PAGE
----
Thousands of Canadian women have been anxious to devote part, if not all of their time, in directions where their work would prove of advantage. Registration will be the means of bringing to these women the opportunity they have desired.

Every Woman. On June 22nd, every woman of sixteen years and over must attend at one of the places provided for registration between the hours of 7 a.m. and 10 p.m. and there truthfully answer all questions set forth upon the registration card. Failure to register means heavy penalties—as Registration is law.

Issued by authority of Canada Registration Board.”

The Intelligencer June 8, 1918 (page 7)

“Arrived Home. Pte. John Jones, 75 South John Street, arrived in the city yesterday after an absence of about 20 months overseas. He was wounded with gunshot in the right leg at the Battle of Passchendaele and it was necessary to have the leg amputated. Pte. Jones left Belleville with the 155th Battalion.”

The Intelligencer June 8, 1918 (page 7)

“A Pleasing Entertainment. The Albert College Dramatic Club under the direction of Miss Jessie Tuite, last evening at Madoc Village presented a play entitled ‘Down in Maine.’ At the Armouries, where the play was staged there was a large number present and all thoroughly enjoyed the drama. The entertainment was under the auspices of the I. O. O. F. of the village.”

[Note: I.O.O.F. = Independent Order of Odd Fellows.]

The Intelligencer June 8, 1918 (page 7)

“Awarded Military Medal. Mr. T. E. Hector, 190 Yeomans Street, has received information that his son, No. 637205 Pte. Sydney Frederick Hector, B Company, 2nd Batt., Canadian Infantry, France, has been awarded the Military Medal for meritorious conduct and strict devotion to duty, whilst on active service. This young man was wounded at the battle of Lens and fought at the two famous fights of Vimy Ridge and Passchendaele.

He is at present at a Canadian school of instruction in France, taking a special course in the famous Vickers Maxim Machine Gun, where he was when he was apprised of the above award, by the Major of his company and Brigadier of the 1st Canadian Infantry Brigade.”

The Intelligencer June 8, 1918 (page 7)

“Another Hero Home. Pte. James Dudley, whose home is on George street, in this city, arrived here yesterday, having been invalided home. He was severely wounded in France and as a result lost an arm. He left Belleville some months ago with the 155th Battalion.”

The Intelligencer June 8, 1918 (page 10)

Ad for Goodrich tires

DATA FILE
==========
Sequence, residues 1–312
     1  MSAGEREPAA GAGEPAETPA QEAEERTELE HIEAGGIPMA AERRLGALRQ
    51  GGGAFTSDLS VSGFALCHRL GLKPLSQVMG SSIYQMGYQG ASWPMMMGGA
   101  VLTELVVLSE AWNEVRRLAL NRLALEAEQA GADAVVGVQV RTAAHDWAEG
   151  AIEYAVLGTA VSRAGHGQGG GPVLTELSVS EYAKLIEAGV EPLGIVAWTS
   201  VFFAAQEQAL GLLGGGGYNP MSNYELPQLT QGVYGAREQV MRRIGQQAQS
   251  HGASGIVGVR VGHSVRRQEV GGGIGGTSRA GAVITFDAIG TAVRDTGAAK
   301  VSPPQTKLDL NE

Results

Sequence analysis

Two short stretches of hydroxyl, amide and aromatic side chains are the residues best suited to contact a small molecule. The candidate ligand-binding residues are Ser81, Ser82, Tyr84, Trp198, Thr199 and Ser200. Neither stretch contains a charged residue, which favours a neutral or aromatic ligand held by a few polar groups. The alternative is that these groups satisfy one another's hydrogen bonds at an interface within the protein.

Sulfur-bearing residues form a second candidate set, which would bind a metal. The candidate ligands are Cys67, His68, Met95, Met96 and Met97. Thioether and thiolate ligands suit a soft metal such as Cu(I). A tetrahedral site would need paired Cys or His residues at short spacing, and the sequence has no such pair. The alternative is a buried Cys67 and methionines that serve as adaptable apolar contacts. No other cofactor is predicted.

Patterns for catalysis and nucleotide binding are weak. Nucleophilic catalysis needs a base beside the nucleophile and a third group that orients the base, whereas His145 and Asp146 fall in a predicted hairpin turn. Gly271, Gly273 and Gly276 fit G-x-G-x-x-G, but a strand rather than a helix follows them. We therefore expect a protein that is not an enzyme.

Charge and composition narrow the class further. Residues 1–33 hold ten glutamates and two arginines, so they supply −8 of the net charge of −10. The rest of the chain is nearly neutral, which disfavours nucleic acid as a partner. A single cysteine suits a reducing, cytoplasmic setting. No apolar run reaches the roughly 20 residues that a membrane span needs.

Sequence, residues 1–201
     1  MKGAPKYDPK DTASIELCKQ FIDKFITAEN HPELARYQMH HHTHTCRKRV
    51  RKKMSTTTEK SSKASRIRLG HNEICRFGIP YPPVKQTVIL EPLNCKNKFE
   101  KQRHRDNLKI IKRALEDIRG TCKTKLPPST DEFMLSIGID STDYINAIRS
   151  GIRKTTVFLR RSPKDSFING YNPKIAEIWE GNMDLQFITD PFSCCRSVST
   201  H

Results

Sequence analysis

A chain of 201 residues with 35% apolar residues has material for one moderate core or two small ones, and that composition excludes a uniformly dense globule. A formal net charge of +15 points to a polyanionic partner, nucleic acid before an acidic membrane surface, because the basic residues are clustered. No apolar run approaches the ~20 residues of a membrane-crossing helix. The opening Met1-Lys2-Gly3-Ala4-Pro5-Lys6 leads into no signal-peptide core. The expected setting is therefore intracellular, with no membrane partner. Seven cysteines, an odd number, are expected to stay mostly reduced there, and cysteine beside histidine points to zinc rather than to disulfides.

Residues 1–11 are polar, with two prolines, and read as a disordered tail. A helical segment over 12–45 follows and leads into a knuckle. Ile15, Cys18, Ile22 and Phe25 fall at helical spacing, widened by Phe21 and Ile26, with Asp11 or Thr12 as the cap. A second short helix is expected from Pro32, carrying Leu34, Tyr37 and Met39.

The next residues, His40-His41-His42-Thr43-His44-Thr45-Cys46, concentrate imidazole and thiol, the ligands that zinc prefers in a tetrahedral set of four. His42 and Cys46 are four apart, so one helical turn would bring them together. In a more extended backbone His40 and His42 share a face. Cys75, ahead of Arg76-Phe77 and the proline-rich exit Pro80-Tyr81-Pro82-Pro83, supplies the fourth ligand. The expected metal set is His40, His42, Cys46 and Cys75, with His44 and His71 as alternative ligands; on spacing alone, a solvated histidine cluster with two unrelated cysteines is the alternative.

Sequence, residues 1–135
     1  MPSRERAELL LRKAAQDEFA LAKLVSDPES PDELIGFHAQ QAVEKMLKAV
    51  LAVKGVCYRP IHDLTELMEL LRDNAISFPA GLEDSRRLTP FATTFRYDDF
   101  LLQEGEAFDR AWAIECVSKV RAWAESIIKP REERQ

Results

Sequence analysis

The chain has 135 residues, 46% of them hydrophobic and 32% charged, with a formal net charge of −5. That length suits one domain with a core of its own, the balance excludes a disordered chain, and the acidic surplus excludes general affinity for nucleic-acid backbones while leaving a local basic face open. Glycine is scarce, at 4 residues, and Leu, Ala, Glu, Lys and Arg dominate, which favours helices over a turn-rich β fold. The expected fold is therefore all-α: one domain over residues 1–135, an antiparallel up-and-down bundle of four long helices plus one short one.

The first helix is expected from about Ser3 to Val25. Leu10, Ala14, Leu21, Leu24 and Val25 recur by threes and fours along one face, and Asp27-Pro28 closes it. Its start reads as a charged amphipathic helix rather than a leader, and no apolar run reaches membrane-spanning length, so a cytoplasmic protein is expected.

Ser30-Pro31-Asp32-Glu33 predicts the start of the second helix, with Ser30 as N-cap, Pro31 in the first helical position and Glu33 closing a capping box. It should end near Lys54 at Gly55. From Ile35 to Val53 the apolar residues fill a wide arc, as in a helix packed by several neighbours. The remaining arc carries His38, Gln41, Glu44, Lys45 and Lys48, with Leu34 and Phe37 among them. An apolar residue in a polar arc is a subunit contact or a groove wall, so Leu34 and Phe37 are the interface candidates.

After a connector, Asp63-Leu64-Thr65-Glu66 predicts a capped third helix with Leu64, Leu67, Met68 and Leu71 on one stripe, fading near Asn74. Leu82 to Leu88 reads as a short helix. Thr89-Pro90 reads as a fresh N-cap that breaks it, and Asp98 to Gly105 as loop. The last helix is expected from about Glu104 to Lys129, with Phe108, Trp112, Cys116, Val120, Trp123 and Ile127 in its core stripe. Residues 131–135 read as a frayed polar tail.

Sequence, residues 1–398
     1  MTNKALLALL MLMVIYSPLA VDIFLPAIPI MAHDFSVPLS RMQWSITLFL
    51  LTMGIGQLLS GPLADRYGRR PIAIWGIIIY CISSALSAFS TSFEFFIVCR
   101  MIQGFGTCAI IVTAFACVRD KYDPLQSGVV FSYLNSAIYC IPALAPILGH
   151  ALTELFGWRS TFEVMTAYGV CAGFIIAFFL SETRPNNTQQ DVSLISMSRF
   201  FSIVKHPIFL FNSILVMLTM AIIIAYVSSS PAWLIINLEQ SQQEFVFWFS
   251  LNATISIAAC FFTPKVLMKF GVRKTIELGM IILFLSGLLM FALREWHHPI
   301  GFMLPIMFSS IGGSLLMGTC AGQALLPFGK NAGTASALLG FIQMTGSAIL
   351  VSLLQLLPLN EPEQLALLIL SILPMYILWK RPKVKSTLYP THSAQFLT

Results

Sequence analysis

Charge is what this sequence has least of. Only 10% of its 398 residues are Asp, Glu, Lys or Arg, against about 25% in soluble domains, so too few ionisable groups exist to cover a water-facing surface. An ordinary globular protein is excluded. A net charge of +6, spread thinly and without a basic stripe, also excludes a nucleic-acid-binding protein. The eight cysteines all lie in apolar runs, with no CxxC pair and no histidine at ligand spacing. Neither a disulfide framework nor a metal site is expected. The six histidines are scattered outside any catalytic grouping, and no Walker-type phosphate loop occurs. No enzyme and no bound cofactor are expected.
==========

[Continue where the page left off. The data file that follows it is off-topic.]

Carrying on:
“Who Began Trench Warfare? The trench, which always encircled the Roman castra, or camp, was brought to France by Julius Caesar and used by him on the very battlefield where to-day the Allies and the Huns have 25,000 miles of trenches.

Vauban, builder of Verdun, in 1673 employed the first parallel trenches, the system of the present war. Defeat, not foresight, turned the Germans to trench warfare. But Goodrich never had to dig in.

Since twenty-two years ago Goodrich manufactured the first American pneumatic automobile tire, Goodrich has driven ahead to the big, graceful, masterful—Goodrich Service/Value Tires.

The Belleville Vulcanizing Agency Exclusive Agents, 11 Moira Street. Phone 661.”

By | June 8th, 2018|Intelligencer WW1 Local News|0 Comments

100 Years Ago: Ad for The Intelligencer’s New Serial Story, Bryon Fitchett Wounded

The Intelligencer June 7, 1918 (page 3)

Ad for serial story“A Tonic for War-Weary Nerves. ‘A Crown of Shame.’

The Intelligencer’s New Serial Story will begin with Saturday’s issue. A story of love and action, absorbing heart interest, mystery and thrilling situations. All the heart gripping glamour of life on a tropical island, intense love and fierce hate. Forget the anxiety of war conditions by reading the interesting story of strange places and bygone days.

Read The Intelligencer New Serial Story.”

The Intelligencer June 7, 1918 (page 7)

“Thrice Wounded. Mr. George F. Fitchett, residing at 429 Bleecker Avenue, has received the following telegram from Ottawa, which refers to his son: Sincerely regret to inform you 412109 Corporal Bryon Franklin Fitchett, Infantry, officially reported admitted to five field ambulance. May 27, 1918: Gunshot wounds in right leg. Director of Record.

Corporal Fitchett left Belleville with the 39th Battalion, and served 25 months in France with the 24th Battalion. This is the third time he has been wounded.”

 

By | June 7th, 2018|Intelligencer WW1 Local News|0 Comments

100 Years Ago: Farewell Party Held for Charles McLean and Vincent O’Neil, Poster for Registration

The Intelligencer June 5, 1918 (page 2)

“Farewell Party To Soldier Boys. A large party of friends met at the home of J. S. McLean, 8th concession of Tyendinaga, to wish Charles McLean and Vincent O’Neil good-bye and good luck upon the event of their leaving home for overseas service. They were each presented with a wrist watch from their friends and a prayer book and testament from the Myrehall Red Cross.

The following address was read by Miss Jennie Alford: To Mr. Charles McLean and Mr. Vincent O’Neil. Dear Charlie and Vincent,—We, your friends and neighbors, have gathered here this evening for the purpose of bidding you farewell before your departure for overseas service. We feel sure that your loss will be felt most keenly in your home. We will miss you greatly from our surrounding circle and neighborhood where we always found you willing to lend a helping hand. We feel that we could not let this opportunity pass without showing some little token of the high regard in which you are held. …

We now ask you to accept these watches, hoping they will help you to remember the friends you leave behind. We all join in wishing you good luck and a speedy return to home and loved ones. Signed on behalf of your friends, Henry Alford, John Goodfellow.”

The Intelligencer June 5, 1918 (page 6)

Poster for registration“5,000,000 cards to be filled out. 5,000,000 certificates to be issued. 150,000 workers to be enlisted. 25,000 registration booths to be operated.

Registration a Stupendous Task. One Day – Saturday – June 22nd.

Volunteer Workers Urgently Needed. To carry out this vast programme efficiently and completely, intelligent voluntary helpers are essential. Individuals, women’s societies, clubs, fraternal societies, church organizations and municipal organizations are asked to help.

Interpreters of all languages will be required. Those qualified should apply to the Registrar of their district at once.

Issued by authority of Canada Registration Board.”

By | June 5th, 2018|Intelligencer WW1 Local News|0 Comments